[Pre-RFC] Scoped `impl Trait for Type`

I did come up with a realistic API where there would be unexpected or outright faulty behaviour:

pub struct ErasedHashSet<S: BuildHasher = RandomState> {
    storage: HashMap<TypeId, Storage<S>, S>,

impl<S: BuildHasher> ErasedHashSet<S> {
    pub fn insert<T: Hash + Eq + 'static>(&mut self, value: T) -> Result<(), T> {
        let storage = self.storage.get_mut(&TypeId::of::<T>());
        todo!("Manipulate `storage`.")

    // ...

I didn't specify this properly so far, so there are two useful options here:

  1. (not useful) Generic type parameters of functions capture the full set of available scoped implementations. This would make TypeId::of::<_> behave unexpectedly for discrete types, so I'm not considering it here.

  2. Generic type parameters of functions ignore the available scoped implementations at the call site completely. This would cause this API ErasedHashSet to have no way at all to distinguish Hash implementations properly (except heuristically by function pointer, but that's not a solution as there are no equality/inequality guarantees on those), so if RandomState is used, the set can misbehave randomly.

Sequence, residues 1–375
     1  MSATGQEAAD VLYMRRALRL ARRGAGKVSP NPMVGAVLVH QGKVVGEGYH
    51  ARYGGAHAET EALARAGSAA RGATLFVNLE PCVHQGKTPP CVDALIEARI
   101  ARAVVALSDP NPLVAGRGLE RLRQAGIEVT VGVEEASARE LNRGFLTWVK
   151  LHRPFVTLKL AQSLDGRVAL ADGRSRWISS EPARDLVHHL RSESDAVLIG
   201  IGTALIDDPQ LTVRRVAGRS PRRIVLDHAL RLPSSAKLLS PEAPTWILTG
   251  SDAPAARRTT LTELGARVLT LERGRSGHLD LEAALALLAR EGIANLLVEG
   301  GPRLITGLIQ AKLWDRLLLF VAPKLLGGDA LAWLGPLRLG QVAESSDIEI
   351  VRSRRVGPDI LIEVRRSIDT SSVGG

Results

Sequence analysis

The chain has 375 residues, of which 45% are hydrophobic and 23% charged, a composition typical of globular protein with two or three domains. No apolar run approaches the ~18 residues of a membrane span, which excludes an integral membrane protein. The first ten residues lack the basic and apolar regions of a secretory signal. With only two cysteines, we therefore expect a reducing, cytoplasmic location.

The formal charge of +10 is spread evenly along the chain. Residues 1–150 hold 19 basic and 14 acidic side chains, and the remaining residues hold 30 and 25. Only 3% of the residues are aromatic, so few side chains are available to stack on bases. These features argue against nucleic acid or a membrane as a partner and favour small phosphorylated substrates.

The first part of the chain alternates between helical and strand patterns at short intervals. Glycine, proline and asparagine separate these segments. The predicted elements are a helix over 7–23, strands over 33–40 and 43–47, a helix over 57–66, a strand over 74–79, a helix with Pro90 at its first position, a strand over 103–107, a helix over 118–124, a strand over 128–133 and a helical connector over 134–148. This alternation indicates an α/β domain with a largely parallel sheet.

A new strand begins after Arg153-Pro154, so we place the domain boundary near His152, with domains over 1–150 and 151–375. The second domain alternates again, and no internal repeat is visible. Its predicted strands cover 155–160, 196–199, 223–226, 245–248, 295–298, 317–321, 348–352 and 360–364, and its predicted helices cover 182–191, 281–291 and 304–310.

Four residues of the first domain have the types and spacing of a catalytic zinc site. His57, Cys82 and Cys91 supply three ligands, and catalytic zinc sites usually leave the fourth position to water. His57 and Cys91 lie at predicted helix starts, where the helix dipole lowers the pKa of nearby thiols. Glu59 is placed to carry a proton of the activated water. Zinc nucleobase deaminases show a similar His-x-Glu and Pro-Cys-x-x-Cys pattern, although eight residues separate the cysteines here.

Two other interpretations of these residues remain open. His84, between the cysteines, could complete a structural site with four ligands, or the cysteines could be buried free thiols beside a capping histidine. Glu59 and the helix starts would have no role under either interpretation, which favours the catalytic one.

3. Generic type parameters of functions have identity that's distinguished by available scoped implementations for their bounds only. This distinction carries over when the generic type parameter is used elsewhere, like when calling TypeId::of::<T> with the generic type parameter here.

    I think that is by far the best option here because, while the behaviour may be unexpected in some cases, the unexpected behaviour would at least be deterministic (separating distinct Hash implementations cleanly).

    (This wouldn't limit reflexive implementations since on those, the type parameter is on the implementation rather than the function.)

Option 2 is more complex to explain, but I think that's worth it for getting okay-ish behaviour here.

Edit: Closures and function pointers must use the same rules as generic structs to avoid misbehaviour, I think, so this decision here is only about the generic functions' actual types that I think currently cannot be referred to in at least stable Rust.

Late edit: I found a better way to define the behaviour of 2. that doesn't require special-casing functions and should be less confusing. I'll write that out and update the draft hopefully later today or tomorrow.

Minor edit: There should be an Eq bound on that function, too.
Minor edit: And that second S should be on Storage. Sorry, I'm not great at this without the compiler helping me.
2 days later edit: Clearly I really shouldn't program freehand. S still goes onto the HashMap too. I have a proper version of this with more comments in my revised draft, which should be ready to publish soon-ish depending on how much I can work on it.